Cancer Risk Higher Among Japanese with Diabetes

Men especially at risk for cancer of liver, pancreas and kidneys

MONDAY, Sept. 25 (HealthDay News) -- Japanese adults with diabetes mellitus, particularly men, are at increased risk of cancer, notably of the liver, pancreas and kidneys, according to the results of a study published in the Sept. 25 issue of the Archives of Internal Medicine.

Manami Inoue, M.D., Ph.D., of the National Cancer Center in Tokyo, Japan, and colleagues conducted a study among 97,771 adults in the general population, comprising 46,548 men and 51,223 women aged 40 to 69. They were enrolled in the Japan Public Health Center-Based Prospective Study from 1990 to 1994 and were followed up until the end of 2003 for cancer incidence.

During the course of the study there were 6,462 cases of newly diagnosed cancer, and among men with diabetes mellitus there was a 27 percent higher incidence of total cancers, with an especially high hazard ratio for liver, pancreas and kidney cancer. There was also a moderate increase among those with diabetes mellitus in incidence of colon cancer and stomach cancer, although the latter was of borderline significance.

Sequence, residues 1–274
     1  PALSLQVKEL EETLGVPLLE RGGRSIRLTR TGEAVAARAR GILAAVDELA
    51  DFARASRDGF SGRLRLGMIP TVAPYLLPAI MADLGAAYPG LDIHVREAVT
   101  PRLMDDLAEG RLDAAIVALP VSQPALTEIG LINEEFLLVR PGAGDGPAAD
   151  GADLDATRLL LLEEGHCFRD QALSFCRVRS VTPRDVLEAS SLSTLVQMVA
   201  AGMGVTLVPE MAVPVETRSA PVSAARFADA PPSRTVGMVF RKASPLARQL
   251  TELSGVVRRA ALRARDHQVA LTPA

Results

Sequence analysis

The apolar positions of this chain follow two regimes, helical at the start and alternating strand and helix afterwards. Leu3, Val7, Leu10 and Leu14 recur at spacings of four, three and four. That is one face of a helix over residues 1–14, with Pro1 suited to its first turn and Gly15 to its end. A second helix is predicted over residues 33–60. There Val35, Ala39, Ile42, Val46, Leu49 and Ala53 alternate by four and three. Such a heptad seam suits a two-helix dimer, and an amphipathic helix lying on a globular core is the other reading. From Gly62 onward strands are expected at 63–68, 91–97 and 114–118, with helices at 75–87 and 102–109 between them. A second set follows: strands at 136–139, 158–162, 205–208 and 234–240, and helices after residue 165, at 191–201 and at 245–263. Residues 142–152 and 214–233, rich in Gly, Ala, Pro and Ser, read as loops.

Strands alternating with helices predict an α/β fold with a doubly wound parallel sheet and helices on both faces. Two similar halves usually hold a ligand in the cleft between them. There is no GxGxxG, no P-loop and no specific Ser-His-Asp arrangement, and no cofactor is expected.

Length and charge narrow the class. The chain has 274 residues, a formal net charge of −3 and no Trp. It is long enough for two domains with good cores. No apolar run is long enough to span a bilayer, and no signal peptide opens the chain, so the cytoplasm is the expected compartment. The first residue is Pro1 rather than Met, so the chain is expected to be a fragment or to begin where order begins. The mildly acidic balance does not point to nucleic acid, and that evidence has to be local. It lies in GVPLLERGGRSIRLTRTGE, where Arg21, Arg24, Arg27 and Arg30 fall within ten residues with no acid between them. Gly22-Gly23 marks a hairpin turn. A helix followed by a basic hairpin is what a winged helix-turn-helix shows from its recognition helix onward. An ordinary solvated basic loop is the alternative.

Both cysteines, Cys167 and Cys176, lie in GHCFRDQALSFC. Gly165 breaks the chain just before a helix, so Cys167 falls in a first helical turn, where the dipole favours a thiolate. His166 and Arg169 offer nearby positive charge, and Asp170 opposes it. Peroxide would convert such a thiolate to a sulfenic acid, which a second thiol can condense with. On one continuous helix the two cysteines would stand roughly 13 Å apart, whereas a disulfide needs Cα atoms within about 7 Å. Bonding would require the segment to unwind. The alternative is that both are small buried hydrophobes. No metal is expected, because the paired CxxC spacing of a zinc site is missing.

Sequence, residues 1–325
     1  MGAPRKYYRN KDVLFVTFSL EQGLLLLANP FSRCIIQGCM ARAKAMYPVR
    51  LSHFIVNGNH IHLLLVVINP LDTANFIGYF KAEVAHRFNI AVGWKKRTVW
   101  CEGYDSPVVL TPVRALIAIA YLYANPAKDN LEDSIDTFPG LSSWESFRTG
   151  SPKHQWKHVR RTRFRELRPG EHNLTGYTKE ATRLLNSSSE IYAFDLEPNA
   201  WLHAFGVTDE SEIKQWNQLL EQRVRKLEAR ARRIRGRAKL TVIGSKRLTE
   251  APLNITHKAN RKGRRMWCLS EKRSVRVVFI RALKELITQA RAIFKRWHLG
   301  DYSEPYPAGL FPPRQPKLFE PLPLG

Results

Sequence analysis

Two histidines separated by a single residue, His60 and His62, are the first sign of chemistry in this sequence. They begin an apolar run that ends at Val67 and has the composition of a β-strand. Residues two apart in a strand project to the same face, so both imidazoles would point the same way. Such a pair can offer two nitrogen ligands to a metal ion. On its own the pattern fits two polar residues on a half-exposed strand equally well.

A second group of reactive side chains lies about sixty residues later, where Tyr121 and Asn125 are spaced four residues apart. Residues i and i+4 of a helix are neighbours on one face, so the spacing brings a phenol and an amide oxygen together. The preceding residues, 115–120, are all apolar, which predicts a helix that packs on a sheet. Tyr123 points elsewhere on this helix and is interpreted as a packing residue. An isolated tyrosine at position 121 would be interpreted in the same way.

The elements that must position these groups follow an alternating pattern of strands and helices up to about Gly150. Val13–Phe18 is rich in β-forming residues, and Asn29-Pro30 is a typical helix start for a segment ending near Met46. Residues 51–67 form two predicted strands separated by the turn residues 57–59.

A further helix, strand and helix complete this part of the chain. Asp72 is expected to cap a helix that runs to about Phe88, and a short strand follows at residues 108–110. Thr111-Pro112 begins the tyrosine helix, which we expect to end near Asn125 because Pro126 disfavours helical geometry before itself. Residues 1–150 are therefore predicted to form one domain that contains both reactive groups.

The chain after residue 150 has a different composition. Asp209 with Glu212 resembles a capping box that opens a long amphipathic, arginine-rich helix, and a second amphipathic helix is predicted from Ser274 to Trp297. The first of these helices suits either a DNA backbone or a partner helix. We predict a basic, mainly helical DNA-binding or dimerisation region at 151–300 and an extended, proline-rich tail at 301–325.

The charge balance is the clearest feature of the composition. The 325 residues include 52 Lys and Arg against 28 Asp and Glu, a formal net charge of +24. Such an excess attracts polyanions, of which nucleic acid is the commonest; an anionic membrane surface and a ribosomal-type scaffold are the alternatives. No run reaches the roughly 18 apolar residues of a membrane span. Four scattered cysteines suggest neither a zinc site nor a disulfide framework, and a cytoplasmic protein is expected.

Among women, the impact of diabetes mellitus on cancer risk was less pronounced, and was only of statistical significance for stomach and liver cancers.

"The remarkable increase in the diagnosis of diabetes mellitus in Japan in recent years may affect future trends in the incidence and type of cancer," the authors conclude.

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